Friday, September 5, 2008

Warning...Not Figure Friendly Funeral Potatoes

I was going to post this yesterday, but I got a little sidetracked. There was a bit of a distraction at my house yesterday...a good one, but nevertheless, a distraction.

By the time he left I was exhausted and decided I would wait until today to post. But it was so worth the exhaustion! Anyway, on to the dish.

My mother-in-law, bless her heart, was not an imaginative cook. But she did have a few dishes that were wonderful and just plain comforting. Following is one of them. I remember having this dish at her home early in my marriage and immediately demanded the recipe and have been making it ever since. Since then I have run across recipes that are somewhat more convenient, but they just don't taste the same. I'll elaborate as I go.

My MIL called this recipe simply "Sour Cream Potatoes", but we renamed it "Funeral Potatoes" simply because it's the type of dish you find at a funeral. See...comforting.


The Ingredients
5 or 6 baked russet potatoes
2 cans cream of chicken soup
1/2 cup butter
1 pint sour cream

1 1/2 cup grated cheddar cheese (more if you like it extra cheesy)
1/2 lb. bacon (this is my own addition...ham is also good)

1/2 cup sliced green onions (I'm not big on onion so I usually leave it out)

I have seen this recipe done with frozen hashbrowns and it just isn't the same. It doesn't have the same creamy texture and is rather crunchy. This is more labor intensive but so worth it.

After the potatoes are baked and cooled, peel them and then grate them with a box grater into a 9x13 dish or a 3 quart casserole dish. I try to plan ahead (yeah, right) and bake them the day before. That way I can just start making it right away.



Now the rest is easy. MIL had to cook for farm workers and a passel of kids, so she didn't have time to mess around with complicated...except for making bread pre-bread maker days. I never could make bread. OK on to the easy part.

Just mix the rest of the ingredients in a sauce pan and cook until melted. Oh, yeah, cook the bacon first and cut into pieces...almost forgot.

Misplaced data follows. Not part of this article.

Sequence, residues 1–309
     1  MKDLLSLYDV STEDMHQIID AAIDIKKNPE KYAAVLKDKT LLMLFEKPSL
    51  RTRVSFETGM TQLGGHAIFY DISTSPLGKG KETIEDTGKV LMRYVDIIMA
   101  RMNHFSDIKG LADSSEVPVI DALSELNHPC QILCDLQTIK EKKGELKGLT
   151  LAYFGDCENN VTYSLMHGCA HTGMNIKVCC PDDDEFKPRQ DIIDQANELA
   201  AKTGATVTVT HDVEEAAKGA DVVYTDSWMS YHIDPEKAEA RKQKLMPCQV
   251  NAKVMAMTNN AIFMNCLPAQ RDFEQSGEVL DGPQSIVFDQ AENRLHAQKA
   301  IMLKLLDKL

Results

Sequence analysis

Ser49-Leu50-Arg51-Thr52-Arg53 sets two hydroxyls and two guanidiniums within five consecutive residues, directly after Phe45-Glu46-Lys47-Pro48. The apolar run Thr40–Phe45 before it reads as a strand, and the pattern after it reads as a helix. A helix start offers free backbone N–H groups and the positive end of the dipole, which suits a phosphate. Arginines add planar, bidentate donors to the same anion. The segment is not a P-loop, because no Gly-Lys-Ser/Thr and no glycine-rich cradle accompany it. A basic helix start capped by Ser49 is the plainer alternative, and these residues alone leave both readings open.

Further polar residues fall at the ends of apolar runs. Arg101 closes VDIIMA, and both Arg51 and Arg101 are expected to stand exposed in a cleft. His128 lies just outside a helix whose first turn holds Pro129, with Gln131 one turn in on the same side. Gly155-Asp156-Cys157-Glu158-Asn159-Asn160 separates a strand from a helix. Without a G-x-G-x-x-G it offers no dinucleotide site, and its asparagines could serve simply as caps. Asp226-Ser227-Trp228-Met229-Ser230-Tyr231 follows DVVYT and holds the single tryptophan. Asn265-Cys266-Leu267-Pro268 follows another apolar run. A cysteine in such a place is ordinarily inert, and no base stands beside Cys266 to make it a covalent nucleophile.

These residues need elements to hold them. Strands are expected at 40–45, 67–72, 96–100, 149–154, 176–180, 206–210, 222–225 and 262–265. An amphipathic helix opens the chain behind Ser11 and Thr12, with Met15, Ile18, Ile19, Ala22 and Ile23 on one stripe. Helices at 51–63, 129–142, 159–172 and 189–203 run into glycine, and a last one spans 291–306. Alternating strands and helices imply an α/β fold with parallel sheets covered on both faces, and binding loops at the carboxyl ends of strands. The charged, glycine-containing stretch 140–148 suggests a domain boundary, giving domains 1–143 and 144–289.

Fold the sauce into the potatoes. MIL's recipe says to smash down w
ith a fork, but I just use a big spatula to get it thoroughly mixed.

One other addition my MIL made that I don't is topping it with crushed cornflakes before you bake. Do people still buy cornflakes? I have added homemade croutons, but, frankly, I like it plain.

Now bake at 350 degrees for 45 minutes. And them...MMMMMmmmmmm.



I like to add the meat to it so that I can use it as a main dish. Last night we had it with just a simple mixed greens salad. I think it would also be outstanding with Pioneer Woman's green beans. This is a great dish for a cool autumn night. Enjoy!

4 comments:

Carl and Pat said...

Okay--that baby is absolutely adorable! Good food blog, Karen! Another reason Mom liked it is because it made a huge batch! I really like your addition of the ham. She also had a turkey casserole that I've never been able to duplicate.

Karen said...

Sometimes the good old standards just beat the haute cuisine to heck! And you're right. The batch is huge so Phil and I will be eating it for a few days.

Nicky said...

Cool baby :D

I wonder if your MIL was from Russia or thereabouts? This recipe is very close to one of ours. Since moving to low carb, I now do it with cauli instead of the potatoes - tastes better, IMO - but the texture's not quite right without the starch from the potatoes. It might also be good with sweet potatoes? We Brits leave out the soup, btw :)

Karen said...

No Russian there. My hubby's family has been around the US forever. Basically western European. I have substituted cauliflower in some recipes, but hadn't thought of doing it with this one. I'll have to give it a whirl. Thanks.